The intervention in need of study here is the building design itself. Health care architecture is an important quality factor in health care delivery as well as health outcomes. For example, a 2016 McGill University study quantified design and infection control—for every meter walked to a sink, provider handwashing likelihood decreased by 10%. Providing the same level of care to all patients is presumed in hospitals, but the built environment may preclude that in subtle ways. One study of 664 patients found severely ill patients may experience higher mortality rates when placed in intensive care unit rooms that are out of direct lines of sight of nursing staff and physicians.  

We find many well-trodden issues in bioethics emerging in this context. Consider the ethical territory that includes “nudging,” behavior modification, and related practices. The built environment is being increasingly used to modify behavior without ethical inquiry. For example, dementia care facilities are being designed to make the residents think they are somewhere else. Often this includes the illusion that patients are free to leave. Creating this illusion may involve deception, such as disguising exits to appear like bookcases or placing a dark mat in front of a door to discourage patients from approaching it out of fear that the mat is actually a hole in the floor. We argue these efforts are no different in kind than those undertaken in medical research or pharmaceutical development and represent an overlooked aspect of bioethical inquiry and belong in the bioethics portfolio.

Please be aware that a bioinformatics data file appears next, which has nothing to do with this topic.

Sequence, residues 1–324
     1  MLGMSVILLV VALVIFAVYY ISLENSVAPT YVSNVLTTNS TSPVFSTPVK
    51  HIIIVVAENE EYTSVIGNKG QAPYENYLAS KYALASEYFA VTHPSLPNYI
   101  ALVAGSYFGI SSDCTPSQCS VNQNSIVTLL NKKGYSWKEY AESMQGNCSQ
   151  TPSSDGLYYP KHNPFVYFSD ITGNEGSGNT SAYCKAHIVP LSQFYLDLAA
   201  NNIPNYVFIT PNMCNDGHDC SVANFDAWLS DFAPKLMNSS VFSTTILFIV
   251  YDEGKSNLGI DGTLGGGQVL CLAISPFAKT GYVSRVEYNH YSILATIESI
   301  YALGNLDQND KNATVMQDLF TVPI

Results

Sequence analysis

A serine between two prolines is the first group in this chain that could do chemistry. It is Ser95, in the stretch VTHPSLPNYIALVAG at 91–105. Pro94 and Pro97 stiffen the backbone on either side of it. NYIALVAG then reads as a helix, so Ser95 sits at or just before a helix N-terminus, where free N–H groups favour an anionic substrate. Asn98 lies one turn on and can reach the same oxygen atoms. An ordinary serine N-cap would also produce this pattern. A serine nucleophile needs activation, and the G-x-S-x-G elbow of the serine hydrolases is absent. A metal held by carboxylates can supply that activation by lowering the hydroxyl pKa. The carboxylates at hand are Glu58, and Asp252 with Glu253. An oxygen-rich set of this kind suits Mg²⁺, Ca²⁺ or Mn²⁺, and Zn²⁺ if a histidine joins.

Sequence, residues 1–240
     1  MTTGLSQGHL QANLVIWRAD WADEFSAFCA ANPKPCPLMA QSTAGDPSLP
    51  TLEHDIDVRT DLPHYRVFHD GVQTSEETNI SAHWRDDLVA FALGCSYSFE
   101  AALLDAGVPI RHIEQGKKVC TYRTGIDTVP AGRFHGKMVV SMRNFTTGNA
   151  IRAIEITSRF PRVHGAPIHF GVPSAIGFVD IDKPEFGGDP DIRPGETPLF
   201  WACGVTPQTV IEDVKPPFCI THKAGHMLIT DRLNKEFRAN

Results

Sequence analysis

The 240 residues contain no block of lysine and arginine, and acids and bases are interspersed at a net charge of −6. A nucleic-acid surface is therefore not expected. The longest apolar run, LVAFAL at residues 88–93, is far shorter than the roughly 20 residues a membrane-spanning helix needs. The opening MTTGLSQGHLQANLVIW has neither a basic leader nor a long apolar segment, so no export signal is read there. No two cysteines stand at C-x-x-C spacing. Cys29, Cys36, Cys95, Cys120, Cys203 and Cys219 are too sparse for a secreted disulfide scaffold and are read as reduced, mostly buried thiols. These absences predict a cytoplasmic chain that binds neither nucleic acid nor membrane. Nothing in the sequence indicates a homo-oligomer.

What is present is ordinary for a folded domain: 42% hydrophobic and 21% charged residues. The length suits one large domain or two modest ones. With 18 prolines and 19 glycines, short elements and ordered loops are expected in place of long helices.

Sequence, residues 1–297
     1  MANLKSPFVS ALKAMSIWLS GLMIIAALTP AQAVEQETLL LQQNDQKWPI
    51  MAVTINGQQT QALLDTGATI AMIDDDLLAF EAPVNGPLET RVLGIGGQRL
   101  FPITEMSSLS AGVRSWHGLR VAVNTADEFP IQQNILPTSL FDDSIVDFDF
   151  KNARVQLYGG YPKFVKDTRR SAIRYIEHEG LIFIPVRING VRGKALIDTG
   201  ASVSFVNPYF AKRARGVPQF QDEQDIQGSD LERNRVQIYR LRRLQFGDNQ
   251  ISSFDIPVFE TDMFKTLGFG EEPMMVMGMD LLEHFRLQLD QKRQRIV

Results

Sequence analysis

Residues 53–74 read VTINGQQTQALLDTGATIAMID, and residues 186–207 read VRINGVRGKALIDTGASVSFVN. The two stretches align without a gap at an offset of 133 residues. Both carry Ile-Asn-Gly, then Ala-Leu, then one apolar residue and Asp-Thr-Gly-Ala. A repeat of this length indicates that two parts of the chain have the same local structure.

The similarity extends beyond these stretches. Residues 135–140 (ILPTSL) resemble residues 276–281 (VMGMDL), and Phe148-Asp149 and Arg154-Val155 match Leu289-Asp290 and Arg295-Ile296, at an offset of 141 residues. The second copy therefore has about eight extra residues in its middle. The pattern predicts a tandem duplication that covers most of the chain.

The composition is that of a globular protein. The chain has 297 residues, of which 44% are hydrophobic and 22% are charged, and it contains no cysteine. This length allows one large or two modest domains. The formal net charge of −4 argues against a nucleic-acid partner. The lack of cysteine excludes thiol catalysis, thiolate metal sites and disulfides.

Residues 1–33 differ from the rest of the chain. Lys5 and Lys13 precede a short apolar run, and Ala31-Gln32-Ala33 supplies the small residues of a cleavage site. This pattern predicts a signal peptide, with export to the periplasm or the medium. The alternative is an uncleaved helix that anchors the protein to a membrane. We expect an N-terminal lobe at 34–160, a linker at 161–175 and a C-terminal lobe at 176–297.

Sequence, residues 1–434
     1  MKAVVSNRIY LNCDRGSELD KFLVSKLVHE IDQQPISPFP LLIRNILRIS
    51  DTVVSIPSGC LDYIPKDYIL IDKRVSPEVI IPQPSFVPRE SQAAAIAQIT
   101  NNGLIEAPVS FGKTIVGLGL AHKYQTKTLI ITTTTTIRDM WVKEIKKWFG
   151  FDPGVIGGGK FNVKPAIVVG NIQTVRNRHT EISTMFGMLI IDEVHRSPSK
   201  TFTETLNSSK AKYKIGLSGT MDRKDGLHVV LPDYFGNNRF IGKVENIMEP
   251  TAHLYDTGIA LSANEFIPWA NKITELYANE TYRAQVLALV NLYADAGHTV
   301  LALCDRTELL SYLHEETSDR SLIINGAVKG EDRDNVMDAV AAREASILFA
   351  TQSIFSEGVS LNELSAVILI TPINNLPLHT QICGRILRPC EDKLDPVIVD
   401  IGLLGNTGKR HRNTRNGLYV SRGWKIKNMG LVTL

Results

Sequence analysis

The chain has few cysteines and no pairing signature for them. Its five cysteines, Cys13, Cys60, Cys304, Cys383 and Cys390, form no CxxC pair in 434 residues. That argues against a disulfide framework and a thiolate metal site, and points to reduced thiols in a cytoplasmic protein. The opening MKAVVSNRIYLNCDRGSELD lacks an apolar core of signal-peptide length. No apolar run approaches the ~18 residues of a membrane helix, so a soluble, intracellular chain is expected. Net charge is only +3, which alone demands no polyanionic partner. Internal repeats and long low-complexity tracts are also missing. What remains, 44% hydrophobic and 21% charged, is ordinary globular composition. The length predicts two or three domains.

Decisions to influence behavior through design should be considered like other efforts to influence behavior. The intended goal is the same, and that is what is ethically salient. It is time for the built environment to become a part of the same calculus as other physical and psychological factors affecting care.

  • Funding and scholarly research should investigate the health effects of specific architectural interventions.
  • The ethical issues of architectural experimentation require bioethical analysis to assess the harms benefits and obligations of disclosure to those affected by the space.
  • Bioethicists need to engage with health care architects to develop a mechanism for considering the effects of different designs on patient outcomes, including equal access and treatment, prevention of comorbidities, and use of space to influence people.

The opportunities to create lasting improvements in equitable, efficient care delivery, and preparedness for the next public health emergency should motivate architects, bioethicists, and health care leaders to take up this challenge.

Diana Anderson, MD, M.Arch, is a health care architect and a geriatrician. She completed a bioethics fellowship at the Harvard Medical School Center for Bioethics and is currently a research fellow in geriatric neurology at the VA Boston Healthcare System. Twitter: @dochitect. William J. Hercules, FAIA, FACHA, FACHE, is the CEO of WJH Health, an international health facility strategy firm.  He is a past-president of the American College of Healthcare Architects, a member of the American Institute of Architects’ national strategic council, and faculty for the American College of Healthcare Executives. Twitter: @BillHerculesStowe Locke Teti, HEC-C, is a clinical ethicist at the Invoa Fairfax Medical Campus in Virginia, and executive editor of Pediatric Ethicscope. Twitter: @StoweTeti